We eulogise our felons such as Captain Thunderbolt as gentleman bushrangers — they gave back a small portion of the money they stole from poor victims, expecting thanks, and absurdly they got it all the way to big brass statues on federal highways.
But unlike Captain Thunderbolt, buried at Uralla in northern NSW, the noble bushranger who has taken out political parties and prime ministers and retreated to his rocky outcliffs with his fully imported Tesla, is still at large — Captain Climate. This romantic outlaw who has stolen so many political careers – former prime minister Julia Gillard, climate change minister Greg Combet, former prime ministers Kevin Rudd and Malcolm Turnbull – is another weather-inspired pseudonym.
Maybe it’s our fascination with bushrangers that spells why we are so obsessed with climate policy.
For previous prime minister Julia Gillard and climate change minister Greg Combet, the carbon trading scheme is now just a scarred chapter in their memoirs, a mourning recital of the day Captain Climate held their government.
In 2008, the Gillard government’s Carbon Pollution Reduction Scheme was to reduce emissions by “at least five and up to 15 per cent below 2000 levels by 2020”.
Our emissions are down 20 per cent since 2005, thanks to regional Australia, where most bushrangers roamed. At the same time, China’s has increased 72 per cent, and India’s has increased by 86 per cent.
China is no developing nation. It is a superpower. Developing countries do not build fifth-generation fighter planes and aircraft carriers. They don’t build infrastructure in other nations and lumber them with massive debt. Developing nations don’t soon have the biggest economy in the world.
According to the United Nations Framework Convention on Climate Change, China’s annual emissions are greater than the entire OECD and projected to grow. Still, we continue to subsidise them with renewable energy technology, which we could manufacture here. In any wind farm in this country, zero per cent of blades, inverters or the guts of wind towers are sourced in Australia
— the only part of a wind farm 100 per cent locally sourced is the concrete it sits on. The problem is global warming of two degrees, and the payment is Australia slashing its economy to net zero emissions by 2050 while we subsidise China to manufacture our demise. China can continue to produce record emissions because it is a developing nation, according to current UN edicts, even though Shanghai is one of the biggest stock markets in the world.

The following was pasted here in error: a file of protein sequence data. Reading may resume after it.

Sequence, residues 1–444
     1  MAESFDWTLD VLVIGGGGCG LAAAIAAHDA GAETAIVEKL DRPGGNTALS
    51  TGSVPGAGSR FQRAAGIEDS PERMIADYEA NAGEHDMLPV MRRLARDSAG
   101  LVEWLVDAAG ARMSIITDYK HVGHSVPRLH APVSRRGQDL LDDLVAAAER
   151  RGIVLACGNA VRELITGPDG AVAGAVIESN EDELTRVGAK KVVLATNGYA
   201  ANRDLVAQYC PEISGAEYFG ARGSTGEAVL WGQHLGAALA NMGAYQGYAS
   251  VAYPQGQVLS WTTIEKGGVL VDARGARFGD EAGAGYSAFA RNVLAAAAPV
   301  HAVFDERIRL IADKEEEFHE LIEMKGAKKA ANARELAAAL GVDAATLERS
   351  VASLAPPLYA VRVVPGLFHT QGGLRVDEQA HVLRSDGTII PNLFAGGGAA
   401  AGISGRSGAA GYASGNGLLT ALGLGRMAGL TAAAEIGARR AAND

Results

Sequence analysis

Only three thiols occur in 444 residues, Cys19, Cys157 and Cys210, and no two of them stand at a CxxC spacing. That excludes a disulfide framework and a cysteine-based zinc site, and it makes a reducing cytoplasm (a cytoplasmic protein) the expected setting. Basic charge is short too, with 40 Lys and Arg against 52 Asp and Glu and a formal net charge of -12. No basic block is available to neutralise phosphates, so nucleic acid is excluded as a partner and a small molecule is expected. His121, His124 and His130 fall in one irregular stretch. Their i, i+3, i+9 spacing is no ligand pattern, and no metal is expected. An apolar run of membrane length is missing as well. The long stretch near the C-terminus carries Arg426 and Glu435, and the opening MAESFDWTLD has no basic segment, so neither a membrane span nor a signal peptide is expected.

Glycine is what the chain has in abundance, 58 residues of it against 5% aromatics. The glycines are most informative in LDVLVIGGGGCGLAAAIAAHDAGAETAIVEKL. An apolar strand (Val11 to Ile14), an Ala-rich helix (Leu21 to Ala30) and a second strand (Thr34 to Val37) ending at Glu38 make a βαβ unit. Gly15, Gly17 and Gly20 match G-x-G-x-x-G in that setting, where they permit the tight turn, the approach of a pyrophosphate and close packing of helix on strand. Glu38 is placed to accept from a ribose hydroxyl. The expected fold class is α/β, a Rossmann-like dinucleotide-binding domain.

At the very least, Australia should manufacture its renewables. Otherwise, it’s Thunderbolt economics 2.0. Thank you for giving us something back; we’ll build you a monument.
Captain Climate has fawning advocates. NSW Environment Minister Matt Kean is all over this outlaw, promising new jobs and new money and a new future.
The New England energy zone, one of Captain Thunderbolt’s favourite haunts, gets $30 million a year until 2042 for renewables, when this same zone, using this same land for agriculture at the moment, sells $1.8 billion a year in agriculture.
One uses solid Australian Bureau of Agricultural and Resource Economics data, and the other is Mr Kean’s projections based on academic modelling.
The 2800 ongoing jobs on electricity infrastructure that Mr Kean spruiks for regional NSW, uses modelling claiming a 1000mw solar farm would employ 100 people – when they are lucky to have five.
Instead of using ABS statistics, the academic modelling “surveyed” businesses and grossly inflates lived experience of those working on renewable projects.
This bushranger is brilliant. China is sending us their renewable generation plant manufactured with our coal, inspired by our subsidies, paid for by us – the taxpayer. Poor old Thunderbolt would blush – and he got shot by the police for less. What drove the Gillard and Combet tax was fear: The “curtailment of agricultural production and land degradation”.
Now the fear is our trading partners abandoning us. “Getting to net-zero by 2050 is not going to be easy – it is going to require the complete re-engineering of the global economy,” Mr Kean says in his renewables blueprint. He cites our trading partners, such as Canada, for ambitious targets.
Canada, which he heralds as climate angels, has seen their annual emissions rate decrease by only 0.1 per cent per annum compared to our 1.2 per cent. We are doing better than them. Gladys Berejiklian’s resignation is opportunity for the next leader to remove Mr Kean from the energy portfolio, somewhere his pragmatism can no longer threaten regional futures. Latest polling shows the NSW Coalition is on a knife’s edge, losing their rusted-on voters, and the Liberals need a leader who can roam the state repairing their relationship – not a premier who will have to stay in his seat to try to win.
Cutting the world off from warmth mined in Australian soil, as pseudologues will have you believe, will not reduce global emissions as they will find poorer products elsewhere and destroy the income that underpins our pensions, NDIS, defence, health and roads.
Our future floats in Gladstone harbour, not in Glasgow ballrooms where Captain Climate’s energy crisis has them, hostage, choosing between feeding themselves or turning on the heater. Demand is apparently spiking for net-zero by 2050, with no idea how it will be evaluated, the outcome to be gauged, and how it will be measured. We don’t know what the quality assurance will be, and when the evaluation will begin or end or how. This bushranger has held us ransom with terrifying scenarios. We are cowering, but our neighbours are laughing at us.